bunch of telescopes around the globe and then merge that data together as though it was a single snapshot. one i the size of the earth. that was a deep challenge. it took 20 years to iron out the difficulties to understand which instruments needed to be included to make that possible. how to augmented by bringing new telescopes online. the galaxy can be very bright if you look in the wrong light range. so they had to try and find, to look at light where it was transparent. the galaxy would be more transparent to that kind of light. it's a remarkable achievement. susan: to the opaqueness of the
milky way add to the challenge? janna: absolutely. if you look at the milky way, there is a lot of gas and dust that absorbs light and reinvents it. if you want to see past that in the sky -- you have to imagine you are in the plane of the galaxy. we can't jump up out of the galaxy and look down on it. we have to look to the plane of the galaxy and makes it much more challenging. the gas and dust tends to absorb and recommit like in a certain frequency and energy band. if you try and shift your energy lower, they are looking at infrared radio where our eyes are no good, and the gas and dust is more transparent if you shift out of the range. it's like putting on infrared goggles.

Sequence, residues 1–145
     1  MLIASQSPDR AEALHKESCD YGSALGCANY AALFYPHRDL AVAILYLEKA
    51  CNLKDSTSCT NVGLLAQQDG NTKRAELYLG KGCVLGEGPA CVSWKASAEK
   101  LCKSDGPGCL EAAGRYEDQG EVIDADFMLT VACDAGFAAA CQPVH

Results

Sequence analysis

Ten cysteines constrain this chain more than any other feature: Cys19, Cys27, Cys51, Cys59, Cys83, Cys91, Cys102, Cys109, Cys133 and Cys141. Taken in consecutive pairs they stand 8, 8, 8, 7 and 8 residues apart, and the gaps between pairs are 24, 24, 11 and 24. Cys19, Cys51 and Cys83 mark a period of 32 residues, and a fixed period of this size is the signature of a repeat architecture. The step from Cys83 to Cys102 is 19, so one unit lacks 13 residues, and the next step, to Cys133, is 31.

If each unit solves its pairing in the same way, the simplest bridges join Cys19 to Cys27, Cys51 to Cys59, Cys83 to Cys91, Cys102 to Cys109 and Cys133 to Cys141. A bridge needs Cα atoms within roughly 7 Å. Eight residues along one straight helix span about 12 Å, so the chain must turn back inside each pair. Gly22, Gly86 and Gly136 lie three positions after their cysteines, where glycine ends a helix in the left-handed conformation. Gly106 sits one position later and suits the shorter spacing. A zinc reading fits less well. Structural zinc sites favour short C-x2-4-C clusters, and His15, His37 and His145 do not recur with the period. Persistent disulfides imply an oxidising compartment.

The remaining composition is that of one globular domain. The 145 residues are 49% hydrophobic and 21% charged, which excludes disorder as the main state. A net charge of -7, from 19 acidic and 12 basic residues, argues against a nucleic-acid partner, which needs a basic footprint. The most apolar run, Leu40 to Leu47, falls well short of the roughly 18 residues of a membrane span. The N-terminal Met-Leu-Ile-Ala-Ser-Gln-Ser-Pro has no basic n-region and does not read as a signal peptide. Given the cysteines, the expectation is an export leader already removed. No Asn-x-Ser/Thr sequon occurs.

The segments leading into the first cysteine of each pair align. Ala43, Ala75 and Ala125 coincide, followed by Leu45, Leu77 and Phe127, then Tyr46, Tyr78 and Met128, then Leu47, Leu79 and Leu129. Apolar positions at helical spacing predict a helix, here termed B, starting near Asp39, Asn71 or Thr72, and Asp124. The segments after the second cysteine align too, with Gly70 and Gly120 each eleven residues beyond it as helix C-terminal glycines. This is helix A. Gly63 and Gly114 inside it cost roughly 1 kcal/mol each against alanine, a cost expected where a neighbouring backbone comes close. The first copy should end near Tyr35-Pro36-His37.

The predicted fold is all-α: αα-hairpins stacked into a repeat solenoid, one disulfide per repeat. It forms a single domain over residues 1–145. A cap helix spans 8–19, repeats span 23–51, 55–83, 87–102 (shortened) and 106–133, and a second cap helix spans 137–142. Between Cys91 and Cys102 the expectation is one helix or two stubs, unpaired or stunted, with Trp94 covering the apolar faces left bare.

in this case they went even lower than that. it allows for transparency to look through the galaxy. susan: are there observatories you want to come online and join the project? janna: i hope so. next generation is a project to build new instruments because a lot of what it did was use existing instruments. lots of astronomers want to look at lots of things so they have to fight for time. there is limited access, they can freeze all other astronomy out. maybe the night they get the telescope the weather is bad, or there is problems. i think the next generation will